What is different about anorexia nervosa sufferers that, in contrast to most dieters, enables them to maintain a persistent calorie deficit? Although no one can truthfully claim they know the full answer to that question, we do know that part of the answer most likely lies with serotonin (5-HT), a molecule that neurons use to communicate with each other.
I’ve written about serotonin in the context of anorexia nervosa before, so I’ll just do a brief summary of the important points here:
Given that serotonin mediates a lot of psychological and physiological traits associated with anorexia nervosa, and given that altering food intake affects how much serotonin is made in our bodies, it is no surprise that it has been a popular research target among eating disorder researchers.
Two important findings that are particularly relevant to the study I will discuss below are:
These findings suggest that individuals with AN may have premorbid (or intrinsic) abnormalities in the serotonergic system (elevated 5-HT activity compared to healthy controls), which may mediate behavioural and/or temperamental traits that in turn predispose these …
Excessive exercise played a big role in my eating disorder and, predictably, I am drawn to studies that look at the role excessive exercise plays in eating disorder symptomatology, course and outcome. This topic has captured the interest of many eating disorder researchers, with studies revealing that up to 80% of individuals with anorexia nervosa may exercise excessively (Davis et al., 1997), though others suggest more modest statistics, around 39% (Shroff et al., 2006; Tetyana wrote a post about this article here).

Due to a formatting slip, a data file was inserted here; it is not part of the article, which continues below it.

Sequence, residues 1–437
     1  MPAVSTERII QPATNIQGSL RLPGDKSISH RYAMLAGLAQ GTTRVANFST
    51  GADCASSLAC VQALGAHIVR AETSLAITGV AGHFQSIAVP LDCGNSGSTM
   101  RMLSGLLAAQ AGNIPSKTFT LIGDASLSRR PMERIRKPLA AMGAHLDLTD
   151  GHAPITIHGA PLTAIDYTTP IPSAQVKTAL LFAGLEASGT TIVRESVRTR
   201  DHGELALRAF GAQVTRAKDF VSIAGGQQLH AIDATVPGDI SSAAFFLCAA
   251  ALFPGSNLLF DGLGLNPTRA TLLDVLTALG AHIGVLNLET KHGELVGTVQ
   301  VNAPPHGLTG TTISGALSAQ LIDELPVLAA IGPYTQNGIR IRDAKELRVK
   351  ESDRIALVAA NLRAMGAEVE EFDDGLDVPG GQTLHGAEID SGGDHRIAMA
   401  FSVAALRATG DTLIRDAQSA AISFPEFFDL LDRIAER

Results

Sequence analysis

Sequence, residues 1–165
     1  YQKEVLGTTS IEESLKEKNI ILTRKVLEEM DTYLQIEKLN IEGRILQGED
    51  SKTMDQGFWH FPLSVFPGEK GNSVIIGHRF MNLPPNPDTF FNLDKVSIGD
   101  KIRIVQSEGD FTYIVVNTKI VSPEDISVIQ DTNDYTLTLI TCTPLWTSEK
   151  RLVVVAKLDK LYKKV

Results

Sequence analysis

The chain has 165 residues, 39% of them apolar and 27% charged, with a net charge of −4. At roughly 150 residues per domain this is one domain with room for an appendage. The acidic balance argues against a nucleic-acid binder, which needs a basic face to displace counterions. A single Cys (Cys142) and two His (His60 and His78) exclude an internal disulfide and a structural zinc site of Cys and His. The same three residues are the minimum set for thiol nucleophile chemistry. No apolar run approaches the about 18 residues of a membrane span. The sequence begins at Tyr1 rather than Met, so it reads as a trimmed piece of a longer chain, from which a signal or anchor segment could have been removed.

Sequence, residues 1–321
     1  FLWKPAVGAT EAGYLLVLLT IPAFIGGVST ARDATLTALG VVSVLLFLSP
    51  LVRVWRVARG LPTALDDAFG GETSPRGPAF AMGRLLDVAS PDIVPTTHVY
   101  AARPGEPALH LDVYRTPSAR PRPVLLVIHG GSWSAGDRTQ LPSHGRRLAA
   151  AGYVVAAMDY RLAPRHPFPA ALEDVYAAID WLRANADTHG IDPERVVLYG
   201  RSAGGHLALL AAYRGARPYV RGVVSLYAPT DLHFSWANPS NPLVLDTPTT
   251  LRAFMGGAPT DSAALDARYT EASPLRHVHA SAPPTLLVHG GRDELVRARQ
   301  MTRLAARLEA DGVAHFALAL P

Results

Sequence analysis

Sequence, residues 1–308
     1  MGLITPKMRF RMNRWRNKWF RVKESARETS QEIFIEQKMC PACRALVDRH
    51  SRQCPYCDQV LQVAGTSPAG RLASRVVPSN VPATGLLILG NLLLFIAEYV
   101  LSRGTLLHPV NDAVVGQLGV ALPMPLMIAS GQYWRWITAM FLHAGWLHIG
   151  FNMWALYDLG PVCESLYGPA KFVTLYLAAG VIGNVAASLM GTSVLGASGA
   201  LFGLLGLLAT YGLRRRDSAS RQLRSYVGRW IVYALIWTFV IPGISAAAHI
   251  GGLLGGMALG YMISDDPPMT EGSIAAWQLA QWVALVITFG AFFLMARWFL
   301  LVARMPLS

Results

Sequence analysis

Scholars have also noted the potentially obsessive and compulsive nature of exercise among some individuals with eating disorders and have made the natural transition toward examining whether links exist between excessive exercise and obsessive-compulsive disorder (OCD) and/or obsessive-compulsive personality disorder (OCPD) traits (If you are confused about the difference between OCD and OCPD, click here). Young, Rhode, Touyz & Hay (2013) conducted a rigorous systematic review to synthesize and draw conclusions from the results of such studies.
The authors aimed to clarify the links between both OCPD traits and OCD …
Anxiety disorders (ADs) are common among patients with eating disorders. In one study of female inpatients, around 50-65% had a comorbid anxiety disorder (see my post here). Anxiety disorders in patients with anorexia nervosa (AN) typically begin before the eating disorder and often persist after weight restoration and recovery (Bulik et al., 1997; Casper, 1990). Moreover, previous twin studies have suggested that there’s a “correlation between eating disorders and certain anxiety and depressive disorders, suggesting they comprise a spectrum of inherited phenotypes” (Hudson et al., 2003; Mangweth et al., 2003).
In this paper, Michael Strober and colleagues hypothesized that anxiety disorders and anorexia nervosa share common genetic, neural, and/or behavioural mechanisms. As such, they sought to investigate the association of AN with ADs by studying the prevalence of ADs in first-degree relatives of AN patients and comparing it to the prevalence of ADs in first-degree relatives of healthy controls.
Their rationale was that,